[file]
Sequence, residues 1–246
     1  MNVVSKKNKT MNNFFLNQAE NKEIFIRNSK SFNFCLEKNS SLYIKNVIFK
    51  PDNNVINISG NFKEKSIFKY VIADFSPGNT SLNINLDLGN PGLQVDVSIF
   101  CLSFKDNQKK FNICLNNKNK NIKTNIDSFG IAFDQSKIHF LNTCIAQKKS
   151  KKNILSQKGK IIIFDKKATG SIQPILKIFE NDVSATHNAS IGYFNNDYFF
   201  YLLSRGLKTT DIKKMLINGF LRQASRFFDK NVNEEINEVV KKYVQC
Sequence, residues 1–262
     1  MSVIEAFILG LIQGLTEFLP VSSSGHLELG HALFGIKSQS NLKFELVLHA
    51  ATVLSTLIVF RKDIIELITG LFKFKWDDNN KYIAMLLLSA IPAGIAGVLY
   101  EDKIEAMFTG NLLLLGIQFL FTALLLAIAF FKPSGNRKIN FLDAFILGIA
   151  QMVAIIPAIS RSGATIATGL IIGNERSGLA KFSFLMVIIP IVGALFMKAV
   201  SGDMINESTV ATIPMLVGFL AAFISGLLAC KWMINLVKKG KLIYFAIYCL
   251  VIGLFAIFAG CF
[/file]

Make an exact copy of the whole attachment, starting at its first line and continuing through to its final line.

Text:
Sequence, residues 1–246
     1  MNVVSKKNKT MNNFFLNQAE NKEIFIRNSK SFNFCLEKNS SLYIKNVIFK
    51  PDNNVINISG NFKEKSIFKY VIADFSPGNT SLNINLDLGN PGLQVDVSIF
   101  CLSFKDNQKK FNICLNNKNK NIKTNIDSFG IAFDQSKIHF LNTCIAQKKS
   151  KKNILSQKGK IIIFDKKATG SIQPILKIFE NDVSATHNAS IGYFNNDYFF
   201  YLLSRGLKTT DIKKMLINGF LRQASRFFDK NVNEEINEVV KKYVQC
Sequence, residues 1–262
     1  MSVIEAFILG LIQGLTEFLP VSSSGHLELG HALFGIKSQS NLKFELVLHA
    51  ATVLSTLIVF RKDIIELITG LFKFKWDDNN KYIAMLLLSA IPAGIAGVLY
   101  EDKIEAMFTG NLLLLGIQFL FTALLLAIAF FKPSGNRKIN FLDAFILGIA
   151  QMVAIIPAIS RSGATIATGL IIGNERSGLA KFSFLMVIIP IVGALFMKAV
   201  SGDMINESTV ATIPMLVGFL AAFISGLLAC KWMINLVKKG KLIYFAIYCL
   251  VIGLFAIFAG CF